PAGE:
The shackles were very heavy. I almost couldn’t walk as I was thin and small. The two guards appeared shocked. It seemed that they had never seen this kind of situation before. It was hard to accept the reality of my situation. I had acted calmly; reasonably pointing out their illegal behavior, and in exchange, I got this kind of torture.

Besides thinking about the heavy handcuffs and shackles, I was still reflecting on the moment that they had stripped me, and I still hadn’t slept properly. I felt dizzy; my stomach was brewing up a storm. I was going to vomit. I wanted to go to the bathroom, but I couldn’t move. The two girls helped me. These two were the most compassionate of the many who took turns guarding me, but unfortunately, I never saw them again after that day, perhaps because they showed their softness.

Sleep Deprivation and Psychological Torment


It went on like that. I was forced to stay inside the small painted square during the day, suffering at the hands of these young girls. If my leg or a foot were out of the square, even by just a tiny bit, they would warn me or slap me. Sometimes they didn’t allow me to drink anything at all, even if there was water in the room. I never had enough water. And after it got dark, the three interrogators would return, and initiate another kind of suffering.

After three days passed like this, the interrogators changed their attitude. They no longer insulted or admonished me; instead they poured me a bottle of warm water as soon as they arrived.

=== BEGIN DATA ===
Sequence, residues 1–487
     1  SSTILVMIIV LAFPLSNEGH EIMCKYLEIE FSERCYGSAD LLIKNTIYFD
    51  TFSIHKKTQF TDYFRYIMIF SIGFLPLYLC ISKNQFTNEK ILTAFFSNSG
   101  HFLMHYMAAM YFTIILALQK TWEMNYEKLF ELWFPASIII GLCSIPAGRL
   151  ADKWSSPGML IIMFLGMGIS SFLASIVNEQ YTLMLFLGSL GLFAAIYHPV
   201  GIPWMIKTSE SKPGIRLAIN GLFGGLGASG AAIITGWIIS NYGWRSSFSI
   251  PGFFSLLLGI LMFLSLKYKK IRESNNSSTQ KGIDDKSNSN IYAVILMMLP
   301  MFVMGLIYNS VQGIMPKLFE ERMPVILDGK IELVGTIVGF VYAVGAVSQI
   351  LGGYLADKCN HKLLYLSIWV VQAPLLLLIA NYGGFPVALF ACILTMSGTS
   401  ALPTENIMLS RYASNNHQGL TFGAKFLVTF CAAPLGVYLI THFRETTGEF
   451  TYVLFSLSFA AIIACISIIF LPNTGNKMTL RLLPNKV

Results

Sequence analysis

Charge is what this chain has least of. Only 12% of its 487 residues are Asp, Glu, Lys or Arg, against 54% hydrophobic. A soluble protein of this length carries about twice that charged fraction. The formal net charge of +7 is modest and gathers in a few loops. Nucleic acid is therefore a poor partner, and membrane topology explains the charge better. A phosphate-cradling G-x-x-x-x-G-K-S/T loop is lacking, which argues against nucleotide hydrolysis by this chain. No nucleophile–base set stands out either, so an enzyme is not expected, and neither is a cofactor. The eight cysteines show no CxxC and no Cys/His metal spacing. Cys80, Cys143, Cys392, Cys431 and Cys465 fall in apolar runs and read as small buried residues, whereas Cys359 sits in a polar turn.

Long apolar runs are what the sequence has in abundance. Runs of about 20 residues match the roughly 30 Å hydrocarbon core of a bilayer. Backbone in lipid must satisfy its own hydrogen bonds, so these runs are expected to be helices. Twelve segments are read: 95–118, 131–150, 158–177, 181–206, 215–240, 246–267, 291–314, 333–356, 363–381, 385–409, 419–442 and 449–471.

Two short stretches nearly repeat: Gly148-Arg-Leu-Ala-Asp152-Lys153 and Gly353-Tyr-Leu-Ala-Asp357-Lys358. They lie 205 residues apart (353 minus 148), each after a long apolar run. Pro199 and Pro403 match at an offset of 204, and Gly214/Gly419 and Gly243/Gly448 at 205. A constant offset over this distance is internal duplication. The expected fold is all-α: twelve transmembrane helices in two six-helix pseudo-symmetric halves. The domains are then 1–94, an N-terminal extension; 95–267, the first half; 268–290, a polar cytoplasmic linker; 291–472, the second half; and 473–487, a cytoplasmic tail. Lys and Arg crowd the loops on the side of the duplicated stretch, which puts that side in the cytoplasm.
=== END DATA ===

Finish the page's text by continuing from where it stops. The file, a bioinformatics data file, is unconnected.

Then, during breakfast and lunch on the fourth day, after having just had a few bites of my food, the two young guards told me that mealtime was over. I tried explaining that I had just started eating. They repeated that mealtime was over. I quietly put down my chopsticks. I am not allowed to eat, I thought. Okay then! I won’t eat. I would see what new tricks they were up to.

I was also considering another problem. Although they were all working together to hurt me, I was too weak to take them all on. I didn’t have enough energy to argue with them about their illegal behavior. This place was totally isolated: any law, report, accusation, procuratorate were all so far away.

That evening, I couldn’t stand it anymore. While they were still trying to persuade me to speak with them, I slowly felt my heart constrict, my breath became short, I felt dizzy. My body couldn’t hold out any more. It was so painful I felt like I was going to die. My consciousness was slowly slipping away. My body fell from the chair. The interrogator dragged me back onto the chair. To prevent me from slipping out again, he restrained my chin and shackled my legs. They called in a woman who looked like a doctor. She opened my eyes, said I was okay, and then walked out.

At that point, Chief Wang [the chief interrogator] said: “If you die here, you will just become another Cao Shunli.”

Indeed, I felt that I was dying. I had entered an empty state; a pain that is hard to describe. I couldn’t breathe. I felt pain in every part of my body. I felt that my soul had already drifted away. That day, I thought, I really was like a dead person. I spent another sleepless night strapped in the chair.

On the fifth night, three interrogators came to speak with me again. They were still trying to persuade me to speak with them. They mentioned my son, but in a way that they were obviously holding back some information. I asked them harshly, “What have you done to my son? He is just a kid. It is too shameless of you to threaten me by using my son!”

“We didn’t do anything to your son. He is good, just under our control. He didn’t make it abroad, but that’s okay. Once you get back, he can still go.” Maybe because I am so close to him, I couldn’t conceal my concern. This divulged a weakness for them to exploit. From that moment on, over the following year, they would often mention my son. When I did finally get back home after a year, I learned he had been under house arrest; that he had been prohibited from studying abroad; and had been monitored by more than a dozen guards every day.

He was so young. At just 16 years old, he had also become a victim of the regime. My heart was devastated. A regime that uses a mother’s son to threaten her is shameless to the extreme.